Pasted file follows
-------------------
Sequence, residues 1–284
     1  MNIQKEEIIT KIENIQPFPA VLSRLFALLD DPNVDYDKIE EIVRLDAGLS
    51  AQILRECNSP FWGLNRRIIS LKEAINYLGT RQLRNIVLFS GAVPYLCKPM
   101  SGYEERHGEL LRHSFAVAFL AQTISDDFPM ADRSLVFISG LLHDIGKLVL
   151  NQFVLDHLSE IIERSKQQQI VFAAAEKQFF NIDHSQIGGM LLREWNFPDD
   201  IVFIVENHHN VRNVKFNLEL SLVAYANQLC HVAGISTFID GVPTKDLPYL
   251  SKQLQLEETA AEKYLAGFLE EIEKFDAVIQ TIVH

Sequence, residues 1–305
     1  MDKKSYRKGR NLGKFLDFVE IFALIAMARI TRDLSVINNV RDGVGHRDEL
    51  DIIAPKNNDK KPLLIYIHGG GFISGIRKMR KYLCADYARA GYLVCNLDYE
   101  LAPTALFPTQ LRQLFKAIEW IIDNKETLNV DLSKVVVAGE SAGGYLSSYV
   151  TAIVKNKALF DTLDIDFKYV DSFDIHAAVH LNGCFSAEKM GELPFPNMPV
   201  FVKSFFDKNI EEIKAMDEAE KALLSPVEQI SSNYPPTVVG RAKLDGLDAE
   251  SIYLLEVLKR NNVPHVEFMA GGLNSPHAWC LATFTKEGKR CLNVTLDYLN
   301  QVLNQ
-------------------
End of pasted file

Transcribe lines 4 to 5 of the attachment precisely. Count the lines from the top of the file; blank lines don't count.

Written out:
   101  SGYEERHGEL LRHSFAVAFL AQTISDDFPM ADRSLVFISG LLHDIGKLVL
   151  NQFVLDHLSE IIERSKQQQI VFAAAEKQFF NIDHSQIGGM LLREWNFPDD